State Practice with Respect to the Safe Third Country Concept: Criteria for Determining that a State Offers Effective Protection for Asylum Seekers and Refugees
36 Pages Posted: 30 Nov 2017 Last revised: 10 Dec 2017
Date Written: November 20, 2017
The 1951 Refugees Convention constitutes the core instrument of international refugee law. In the years since its adoption, signatory states have come to exploit an apparent loophole: nothing in the text prevents a state from transferring asylum seekers to other states that it deems to be safe. The text does not indicate how a state is to determine whether another state is safe. Academic literature and guidance from the United Nations Human Rights Committee have sought to fill this void, enumerating factors that states should consider before transferring an asylum seeker elsewhere. But guidance and academic commentary do not on their own constitute international law. States are not bound by academic commentaries or guidance of United Nations bodies. While states comply with some portion of the non-binding guidance, they do not comply with it in its entirety. This study describes the current state of international refugee law as it operates in state practice, not the idealized form of international law described in legal journals. In particular, decisions of domestic courts interpreting the 1951 Refugees Convention provide strong evidence of what states view as legally obligatory in this context. For that reason, this study surveys how various domestic courts interpret and apply the 1951 Refugees Convention to constrain their respective states in the arena of transferring asylum seekers to other states. The result is a standard that is authoritative and that has been incorporated into the state practice of the leading rule of law nations. Where states fail to live up to their international obligations to asylum seekers and refugees, it is this standard that they should be held to rather than the admirable but perhaps overly ambitious standard embodied in the non-binding guidance.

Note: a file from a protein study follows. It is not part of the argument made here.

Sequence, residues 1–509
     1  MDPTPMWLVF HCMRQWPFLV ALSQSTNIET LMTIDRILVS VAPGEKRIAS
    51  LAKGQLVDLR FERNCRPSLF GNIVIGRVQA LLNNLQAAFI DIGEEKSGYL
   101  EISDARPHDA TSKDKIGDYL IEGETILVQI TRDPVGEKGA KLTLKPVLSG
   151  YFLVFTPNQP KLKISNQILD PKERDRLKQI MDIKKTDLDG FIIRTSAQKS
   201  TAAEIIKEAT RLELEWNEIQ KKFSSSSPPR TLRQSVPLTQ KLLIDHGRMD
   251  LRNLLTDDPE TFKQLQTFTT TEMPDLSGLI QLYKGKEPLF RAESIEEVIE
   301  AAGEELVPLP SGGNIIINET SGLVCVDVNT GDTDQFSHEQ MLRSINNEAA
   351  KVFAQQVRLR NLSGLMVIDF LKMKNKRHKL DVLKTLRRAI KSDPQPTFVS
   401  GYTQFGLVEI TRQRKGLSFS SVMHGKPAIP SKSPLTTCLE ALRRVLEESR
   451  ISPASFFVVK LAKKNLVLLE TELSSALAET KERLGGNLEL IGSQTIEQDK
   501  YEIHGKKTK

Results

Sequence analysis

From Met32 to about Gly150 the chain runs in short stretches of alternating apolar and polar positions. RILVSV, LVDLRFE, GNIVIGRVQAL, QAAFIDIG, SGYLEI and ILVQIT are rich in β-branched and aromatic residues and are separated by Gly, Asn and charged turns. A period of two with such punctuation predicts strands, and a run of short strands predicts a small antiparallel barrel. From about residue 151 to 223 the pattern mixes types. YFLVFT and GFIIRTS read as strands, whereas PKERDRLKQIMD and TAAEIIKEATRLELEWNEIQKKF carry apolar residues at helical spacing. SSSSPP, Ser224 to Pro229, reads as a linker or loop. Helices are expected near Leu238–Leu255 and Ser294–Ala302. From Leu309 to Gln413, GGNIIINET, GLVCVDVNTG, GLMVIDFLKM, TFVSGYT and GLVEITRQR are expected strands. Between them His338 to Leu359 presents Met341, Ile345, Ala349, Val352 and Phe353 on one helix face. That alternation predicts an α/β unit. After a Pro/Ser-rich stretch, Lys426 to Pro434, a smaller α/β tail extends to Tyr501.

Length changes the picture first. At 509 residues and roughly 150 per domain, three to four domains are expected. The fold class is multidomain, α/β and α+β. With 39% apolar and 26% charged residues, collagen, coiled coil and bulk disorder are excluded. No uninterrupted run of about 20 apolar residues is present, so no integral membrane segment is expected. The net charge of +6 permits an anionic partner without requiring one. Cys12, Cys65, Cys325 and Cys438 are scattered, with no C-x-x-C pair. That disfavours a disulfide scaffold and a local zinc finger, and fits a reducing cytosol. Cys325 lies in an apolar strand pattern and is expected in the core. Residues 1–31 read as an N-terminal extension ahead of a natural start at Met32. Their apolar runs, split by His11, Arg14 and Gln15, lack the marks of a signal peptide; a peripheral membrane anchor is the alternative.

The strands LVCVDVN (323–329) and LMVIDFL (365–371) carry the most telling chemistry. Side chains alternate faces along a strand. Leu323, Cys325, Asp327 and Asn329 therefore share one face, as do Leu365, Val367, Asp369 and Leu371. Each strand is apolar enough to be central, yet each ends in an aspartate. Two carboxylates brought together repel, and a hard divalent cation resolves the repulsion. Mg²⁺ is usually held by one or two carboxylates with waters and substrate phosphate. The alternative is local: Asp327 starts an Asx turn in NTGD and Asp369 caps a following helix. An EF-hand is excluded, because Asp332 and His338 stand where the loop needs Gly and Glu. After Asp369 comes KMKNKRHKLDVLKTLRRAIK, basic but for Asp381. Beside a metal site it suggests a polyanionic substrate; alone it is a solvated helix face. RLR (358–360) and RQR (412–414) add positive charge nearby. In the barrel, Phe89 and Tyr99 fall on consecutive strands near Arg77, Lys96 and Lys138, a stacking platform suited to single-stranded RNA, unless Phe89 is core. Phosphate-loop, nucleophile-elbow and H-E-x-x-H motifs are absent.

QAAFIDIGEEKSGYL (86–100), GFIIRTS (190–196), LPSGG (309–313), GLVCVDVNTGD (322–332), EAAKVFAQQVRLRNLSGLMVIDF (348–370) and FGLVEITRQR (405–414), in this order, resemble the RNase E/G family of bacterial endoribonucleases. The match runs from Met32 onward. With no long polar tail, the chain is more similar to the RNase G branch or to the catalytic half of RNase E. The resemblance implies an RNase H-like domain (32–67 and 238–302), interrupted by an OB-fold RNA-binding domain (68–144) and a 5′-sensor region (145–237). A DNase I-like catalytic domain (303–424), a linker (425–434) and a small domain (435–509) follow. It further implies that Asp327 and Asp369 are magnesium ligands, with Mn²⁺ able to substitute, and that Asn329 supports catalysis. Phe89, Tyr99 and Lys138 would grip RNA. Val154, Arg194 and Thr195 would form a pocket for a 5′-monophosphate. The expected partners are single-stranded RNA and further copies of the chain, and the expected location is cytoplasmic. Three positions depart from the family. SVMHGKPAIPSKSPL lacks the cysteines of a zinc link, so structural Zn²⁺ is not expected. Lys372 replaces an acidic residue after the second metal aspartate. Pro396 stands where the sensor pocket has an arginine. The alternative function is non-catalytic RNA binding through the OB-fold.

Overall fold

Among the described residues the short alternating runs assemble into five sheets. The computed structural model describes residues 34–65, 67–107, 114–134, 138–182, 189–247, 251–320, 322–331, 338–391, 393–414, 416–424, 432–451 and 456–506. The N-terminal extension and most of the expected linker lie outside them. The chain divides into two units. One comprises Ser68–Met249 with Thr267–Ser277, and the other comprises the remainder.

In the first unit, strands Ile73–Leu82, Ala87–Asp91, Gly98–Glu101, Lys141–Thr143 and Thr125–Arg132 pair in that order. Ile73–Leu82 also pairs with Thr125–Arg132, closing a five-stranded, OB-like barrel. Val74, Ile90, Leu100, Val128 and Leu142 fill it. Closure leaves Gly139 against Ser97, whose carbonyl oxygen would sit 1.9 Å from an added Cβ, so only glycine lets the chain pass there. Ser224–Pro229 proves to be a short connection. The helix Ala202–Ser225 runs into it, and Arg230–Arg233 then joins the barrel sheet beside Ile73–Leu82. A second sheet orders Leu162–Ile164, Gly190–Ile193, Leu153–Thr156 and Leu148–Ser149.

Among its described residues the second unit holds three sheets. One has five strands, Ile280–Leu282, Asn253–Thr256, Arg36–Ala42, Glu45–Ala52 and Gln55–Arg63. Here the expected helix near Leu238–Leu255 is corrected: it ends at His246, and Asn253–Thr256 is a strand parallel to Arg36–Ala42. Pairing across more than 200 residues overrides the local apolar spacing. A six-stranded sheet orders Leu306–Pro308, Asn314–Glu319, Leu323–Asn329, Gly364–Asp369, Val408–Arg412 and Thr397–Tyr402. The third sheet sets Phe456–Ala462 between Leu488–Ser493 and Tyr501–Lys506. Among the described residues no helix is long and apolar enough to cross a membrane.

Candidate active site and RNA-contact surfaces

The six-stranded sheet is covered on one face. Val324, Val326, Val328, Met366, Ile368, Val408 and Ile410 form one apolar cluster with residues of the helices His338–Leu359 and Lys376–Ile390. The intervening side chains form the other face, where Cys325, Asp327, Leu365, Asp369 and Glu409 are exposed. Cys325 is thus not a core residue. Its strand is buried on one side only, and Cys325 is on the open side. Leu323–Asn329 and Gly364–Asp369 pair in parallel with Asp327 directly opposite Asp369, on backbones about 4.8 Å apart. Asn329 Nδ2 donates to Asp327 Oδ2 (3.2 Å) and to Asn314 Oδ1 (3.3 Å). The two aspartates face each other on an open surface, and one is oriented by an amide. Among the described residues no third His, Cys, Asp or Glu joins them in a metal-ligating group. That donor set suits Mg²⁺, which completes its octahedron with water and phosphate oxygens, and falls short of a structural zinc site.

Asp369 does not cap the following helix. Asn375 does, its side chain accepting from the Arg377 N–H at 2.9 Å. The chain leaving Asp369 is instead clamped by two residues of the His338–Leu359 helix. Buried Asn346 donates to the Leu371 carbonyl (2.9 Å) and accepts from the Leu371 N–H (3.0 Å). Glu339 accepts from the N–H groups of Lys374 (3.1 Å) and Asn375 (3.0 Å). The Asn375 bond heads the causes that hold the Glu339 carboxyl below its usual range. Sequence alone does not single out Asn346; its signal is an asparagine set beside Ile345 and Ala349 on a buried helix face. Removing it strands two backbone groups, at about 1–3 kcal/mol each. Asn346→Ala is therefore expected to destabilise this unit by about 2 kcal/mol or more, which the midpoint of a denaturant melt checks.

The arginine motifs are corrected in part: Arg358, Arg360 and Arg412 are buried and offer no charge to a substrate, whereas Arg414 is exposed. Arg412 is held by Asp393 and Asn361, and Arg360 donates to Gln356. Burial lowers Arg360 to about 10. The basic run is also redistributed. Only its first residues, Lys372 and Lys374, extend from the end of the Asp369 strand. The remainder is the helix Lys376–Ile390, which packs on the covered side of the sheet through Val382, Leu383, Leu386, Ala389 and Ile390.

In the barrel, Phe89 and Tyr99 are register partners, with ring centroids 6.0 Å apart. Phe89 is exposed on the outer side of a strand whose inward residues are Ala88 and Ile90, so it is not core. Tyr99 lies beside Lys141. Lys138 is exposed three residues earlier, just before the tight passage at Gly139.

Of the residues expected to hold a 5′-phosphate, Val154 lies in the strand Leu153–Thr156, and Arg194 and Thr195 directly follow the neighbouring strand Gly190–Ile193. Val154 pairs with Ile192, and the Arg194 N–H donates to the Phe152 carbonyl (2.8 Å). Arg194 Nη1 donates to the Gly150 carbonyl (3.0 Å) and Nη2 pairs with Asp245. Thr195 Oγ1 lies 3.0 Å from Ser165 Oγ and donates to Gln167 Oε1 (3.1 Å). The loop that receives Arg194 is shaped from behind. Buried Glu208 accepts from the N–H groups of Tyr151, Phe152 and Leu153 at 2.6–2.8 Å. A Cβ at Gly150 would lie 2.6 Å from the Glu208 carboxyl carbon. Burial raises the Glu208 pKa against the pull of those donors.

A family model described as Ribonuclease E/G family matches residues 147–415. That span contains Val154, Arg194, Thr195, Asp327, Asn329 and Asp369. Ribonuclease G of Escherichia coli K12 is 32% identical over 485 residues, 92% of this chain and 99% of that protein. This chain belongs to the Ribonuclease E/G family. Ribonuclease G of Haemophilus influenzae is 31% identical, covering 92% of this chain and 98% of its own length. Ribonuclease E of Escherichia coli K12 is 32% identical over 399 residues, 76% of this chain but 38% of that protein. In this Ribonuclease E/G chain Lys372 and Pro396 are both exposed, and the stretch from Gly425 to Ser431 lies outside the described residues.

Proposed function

Keywords: International Law, Opinio Juris, State Practice, Refugee Law, Asylum, Refugees Convention, Safe Third State, Safe Third Country, Immigration
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